Hybrid Sales Soar While EV Sales Plateau

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At CleanTechnica, we are all in on electric cars, but that doesn’t mean everyone is. In fact, as companies like GM and Ford are lowering the EV production targets, sales of hybrid vehicles have been soaring. The Associated Press reports that, according to Edmunds, Americans bought more than one million hybrids so far in 2023, which is up 76% from the same period last year. That comes as sales of hybrids had been declining for several years. This year’s figures don’t even include sales of 148,000 plug-in hybrids.

What’s going on with hybrids? One, more Americans seem to want to make a difference in the fight against global warming but are not ready to commit to battery electric cars. Two, hybrids cost at most a few thousand dollars more than traditional models while full EVs can are priced ten thousand dollars or more higher. The combination makes a hybrid an appealing option for many drivers.

EV Concerns Fuel Hybrid Sales

Surveys show that consumers remain uneasy about either the availability of charging stations or the sale prices of EVs — even after federal tax credits are factored in. “Your standard hybrid makes the most sense to most people,” Ivan Drury, a director at the Edmunds tells AP. “I think you’ll find that people don’t want to deal with the hassle or the difficulties of charging.”

There is another factor that no one is mentioning. Toyota sells the most hybrids by far. For years, the styling of its flagship hybrid, the Toyota Prius, was deliberately different from the conventional cars the company manufactured. In fact, the last version of the car, whose styling was heavily influenced by Akio Toyoda, was so ugly that sales dropped precipitously. But a next generation Prius was released earlier this year and it is drop dead gorgeous, especially in comparison to the version that preceded it. That has to be a factor in the sales game. People don’t really like ugly cars, no matter how efficient they may be.

American manufacturers have been cutting hybrid models from their lineup, which means they are being caught short by the surge in demand for hybrid vehicles. Ford expects to quadruple hybrid sales within five years. The company has been surprised at how popular the Maverick hybrid pickup truck has been. While the Blue Oval brand has been dialing back production of the F-150 Lightning due to softening demand, customers are clamoring for the Maverick hybrid and the company is struggling to meet the demand.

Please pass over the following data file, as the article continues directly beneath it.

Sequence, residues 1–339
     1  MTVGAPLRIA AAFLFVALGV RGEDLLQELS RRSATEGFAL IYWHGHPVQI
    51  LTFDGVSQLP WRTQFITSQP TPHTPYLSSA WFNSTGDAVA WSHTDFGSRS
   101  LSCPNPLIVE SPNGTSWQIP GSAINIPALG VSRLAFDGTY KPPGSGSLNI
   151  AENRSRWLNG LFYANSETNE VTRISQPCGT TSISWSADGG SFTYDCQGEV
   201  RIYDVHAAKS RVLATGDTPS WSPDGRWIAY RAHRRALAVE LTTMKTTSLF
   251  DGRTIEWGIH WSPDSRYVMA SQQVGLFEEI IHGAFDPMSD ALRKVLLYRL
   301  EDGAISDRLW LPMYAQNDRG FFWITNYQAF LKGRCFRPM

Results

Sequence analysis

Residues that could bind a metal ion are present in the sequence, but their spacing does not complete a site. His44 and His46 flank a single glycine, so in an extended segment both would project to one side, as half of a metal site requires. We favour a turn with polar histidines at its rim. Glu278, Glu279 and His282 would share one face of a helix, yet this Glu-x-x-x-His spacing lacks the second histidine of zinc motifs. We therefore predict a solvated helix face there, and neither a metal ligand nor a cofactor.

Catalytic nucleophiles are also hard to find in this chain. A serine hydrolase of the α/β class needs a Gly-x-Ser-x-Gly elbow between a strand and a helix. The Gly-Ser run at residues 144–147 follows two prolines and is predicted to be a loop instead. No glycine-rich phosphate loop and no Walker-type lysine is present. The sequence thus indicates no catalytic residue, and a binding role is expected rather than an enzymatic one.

General Motors, which abandoned most hybrids in the U.S. four years ago in favor of EVs, now says it’s considering bringing them back. That just goes to show that what market research companies do is little more than harvesting opinions. Nobody saw the demand for hybrid vehicles increasing. At most, many of us who pontificate about the future of the car business thought plug-in hybrids would be the fall back position of choice for people who are still too skeptical to take the plunge into the EV future.

A Hybrid Is More Efficient

While a hybrid does have tailpipe emissions, it uses less gasoline than a conventional car.  Higher efficiency means lower pollution. “People are perfectly fine with a car that gets 45 or 50 miles per gallon, and you don’t have to do anything” different from current behavior, said Scott Adams, owner of a Toyota dealership in suburban Kansas City.

More people are growing concerned about how burning fossil fuels is leading to higher global temperatures, which in turn lead to stronger storms, drought, and flooding. “People want to participate in this — the idea of reducing carbon,” said Jack Hollis, who heads North American sales and marketing for Toyota, which is the leader in hybrid sales. “I think the hybrid gives them what they’re most looking for.”

The price of new cars is a factor as well. After peaking at nearly $63,000 last year, the average EV sale price fell to just over $60,500 in November, not including tax credits. Fewer EVs will qualify for the tax credits or rebates in 2024 because of rules that will limit buyers from claiming a full credit if they purchase cars with battery materials from China or other countries that are considered hostile to the United States. The average price of a hybrid has stabilized at roughly $42,000. A Toyota RAV4 hybrid with all wheel drive, for example, starts at $32,825 — $1,600 more than a comparable gas version.

The Environmental Protection Agency says a front wheel drive CR-V Hybrid gets 40 mpg in city and highway driving — 10 mpg better than the gasoline powered version. An owner of a hybrid CR-V who drives 15,000 miles annually would save $450 a year on fuel over the gas model. (Gas prices, of course, rise and fall over time. Higher gas prices mean a faster pay back on the difference in price between a conventional and a hybrid model.)